How to make cochayuyo paper

Discussion in 'Food & Cooking' started by fernandosaez, Aug 30, 2014.

  1. fernandosaez

    fernandosaez

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    Hi all!

    Please help me. Cochauyuyo is a seaweed that is very common here in Chile. We use it plenty for cooking, I would like to make a sheet of paper from it just like they make Nori. 

    Here is a picture of how it comes in the supermarket when it's dry:

    http://www.buencampo.cl/sites/default/files/cochayuyo2.JPG

     know Nori is made just like paper, but have been unable to find any home recipies.

    What I tried:

    Put it in the blender, added some olive oil and then I put it between wax paper and used the iron till it dried. This didn't work because all the parts did not come together.

    I also tried leaving it out to dry naturally, this didn’t help either. I had a book on top of it so that it would be thin.

    I think I would have to make some type of paste to get this to work but I have no idea on how to go about it. Does anyone have any ideas that they can share?

    Thanks!
     
  2. kuan

    kuan Moderator Staff Member

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    Why did you use olive oil?  

    I have no idea how to do it but you might try using just water and make sure your break the starch granules so they stick together when they dry.
     
  3. phatch

    phatch Moderator Staff Member

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    use the water for the pressing and binding stage like Kuan said and then the oil comes on during the toasting stage so it doesn't stick.
     
  4. fernandosaez

    fernandosaez

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    I will try that thanks. Is there anything that you would recommend that would help it stick together?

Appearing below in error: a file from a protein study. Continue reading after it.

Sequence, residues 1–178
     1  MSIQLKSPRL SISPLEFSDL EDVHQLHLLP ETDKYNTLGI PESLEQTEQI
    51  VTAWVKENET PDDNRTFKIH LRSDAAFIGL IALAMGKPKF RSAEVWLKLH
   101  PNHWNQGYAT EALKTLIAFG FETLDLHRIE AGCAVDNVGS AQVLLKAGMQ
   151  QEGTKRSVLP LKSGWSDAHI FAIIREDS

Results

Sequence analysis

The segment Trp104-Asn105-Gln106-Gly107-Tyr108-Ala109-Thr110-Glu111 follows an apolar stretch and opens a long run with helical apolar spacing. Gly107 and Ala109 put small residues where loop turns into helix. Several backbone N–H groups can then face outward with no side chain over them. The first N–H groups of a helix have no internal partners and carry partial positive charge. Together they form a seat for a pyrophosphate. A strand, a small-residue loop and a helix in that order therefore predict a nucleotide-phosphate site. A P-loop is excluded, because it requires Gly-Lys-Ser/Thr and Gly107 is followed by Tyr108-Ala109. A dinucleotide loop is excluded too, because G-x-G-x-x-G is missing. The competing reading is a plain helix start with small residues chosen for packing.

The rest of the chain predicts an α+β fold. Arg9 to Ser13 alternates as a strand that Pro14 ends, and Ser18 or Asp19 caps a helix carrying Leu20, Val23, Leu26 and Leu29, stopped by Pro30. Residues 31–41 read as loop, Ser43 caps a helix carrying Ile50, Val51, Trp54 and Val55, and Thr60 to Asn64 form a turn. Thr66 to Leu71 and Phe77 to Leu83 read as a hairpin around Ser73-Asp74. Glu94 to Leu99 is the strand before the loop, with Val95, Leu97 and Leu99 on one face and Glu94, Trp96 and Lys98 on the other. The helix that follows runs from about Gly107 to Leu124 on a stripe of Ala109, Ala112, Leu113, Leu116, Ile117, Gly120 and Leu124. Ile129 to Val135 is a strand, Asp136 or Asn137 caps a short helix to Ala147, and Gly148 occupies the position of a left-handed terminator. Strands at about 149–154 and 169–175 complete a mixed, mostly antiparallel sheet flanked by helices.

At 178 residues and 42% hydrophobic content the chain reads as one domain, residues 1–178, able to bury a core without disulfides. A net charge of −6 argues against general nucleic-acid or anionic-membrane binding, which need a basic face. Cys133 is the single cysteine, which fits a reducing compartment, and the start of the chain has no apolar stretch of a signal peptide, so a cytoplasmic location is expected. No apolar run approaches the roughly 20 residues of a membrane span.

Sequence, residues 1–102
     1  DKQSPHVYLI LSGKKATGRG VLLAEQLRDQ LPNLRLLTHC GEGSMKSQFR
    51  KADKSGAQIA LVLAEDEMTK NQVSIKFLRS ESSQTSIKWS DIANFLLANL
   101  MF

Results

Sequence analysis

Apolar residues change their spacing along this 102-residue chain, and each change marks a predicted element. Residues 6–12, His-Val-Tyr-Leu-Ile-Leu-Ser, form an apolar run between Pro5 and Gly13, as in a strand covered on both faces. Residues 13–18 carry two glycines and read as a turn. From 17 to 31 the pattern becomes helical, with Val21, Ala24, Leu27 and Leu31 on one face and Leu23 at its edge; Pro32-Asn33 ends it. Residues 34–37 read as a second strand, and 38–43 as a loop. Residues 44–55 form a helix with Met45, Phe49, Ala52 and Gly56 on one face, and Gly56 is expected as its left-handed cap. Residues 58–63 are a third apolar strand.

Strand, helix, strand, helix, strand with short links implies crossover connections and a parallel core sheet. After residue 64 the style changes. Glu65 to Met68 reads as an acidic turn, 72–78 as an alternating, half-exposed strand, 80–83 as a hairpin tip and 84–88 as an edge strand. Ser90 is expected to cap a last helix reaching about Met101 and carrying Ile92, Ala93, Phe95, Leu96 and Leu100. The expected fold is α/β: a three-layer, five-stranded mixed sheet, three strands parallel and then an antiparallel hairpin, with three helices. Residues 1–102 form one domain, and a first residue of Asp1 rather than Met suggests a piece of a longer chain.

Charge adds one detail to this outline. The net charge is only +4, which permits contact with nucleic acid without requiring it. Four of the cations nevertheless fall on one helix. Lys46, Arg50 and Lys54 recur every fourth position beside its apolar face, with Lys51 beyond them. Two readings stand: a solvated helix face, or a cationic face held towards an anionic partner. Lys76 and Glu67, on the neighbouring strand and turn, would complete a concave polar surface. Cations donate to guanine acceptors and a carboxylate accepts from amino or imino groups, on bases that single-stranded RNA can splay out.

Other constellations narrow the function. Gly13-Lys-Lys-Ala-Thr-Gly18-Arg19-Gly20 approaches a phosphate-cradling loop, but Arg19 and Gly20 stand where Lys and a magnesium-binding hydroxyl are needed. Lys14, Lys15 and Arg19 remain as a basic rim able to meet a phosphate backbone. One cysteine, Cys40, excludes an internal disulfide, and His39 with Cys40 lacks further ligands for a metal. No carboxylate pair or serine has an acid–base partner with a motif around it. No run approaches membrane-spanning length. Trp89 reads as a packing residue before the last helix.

5. kuan

    kuan Moderator Staff Member

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    Maybe rice starch?
     
  6. fernandosaez

    fernandosaez

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    I'll try both ways tomorrow. To be honest, I have no idea how it will work but I'll post pictures. Thank you all for the ideas!
     
  7. chicagoterry

    chicagoterry

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    I'm a hand papermaker and I think making it into a strong enough paper to roll up like nori is going to be a much more complicated process than you think it is. It will require some special equipment that can be bought and/or made pretty inexpensively.

    That said, not all fibers will form the kind of hydrogen bonds needed to  hold together as paper. Plant fibers usually need to be cooked in an alkalai to break them down and soften them before being pulped and suspended in water to be scooped up and strained through a mould and deckle. Many plant fibers require the assistance of a chemical formation aid to make the kind of bonds that will hold together as paper.

    If you really want to work on it, I highly recommend one of Helen Hiebert's books on papermaking with plants.



     
  8. fernandosaez

    fernandosaez

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    Sorry, though I had done this. Thanks for all your help. I bought the book and I am now waiting for its arrival. Should take about a month. Thanks!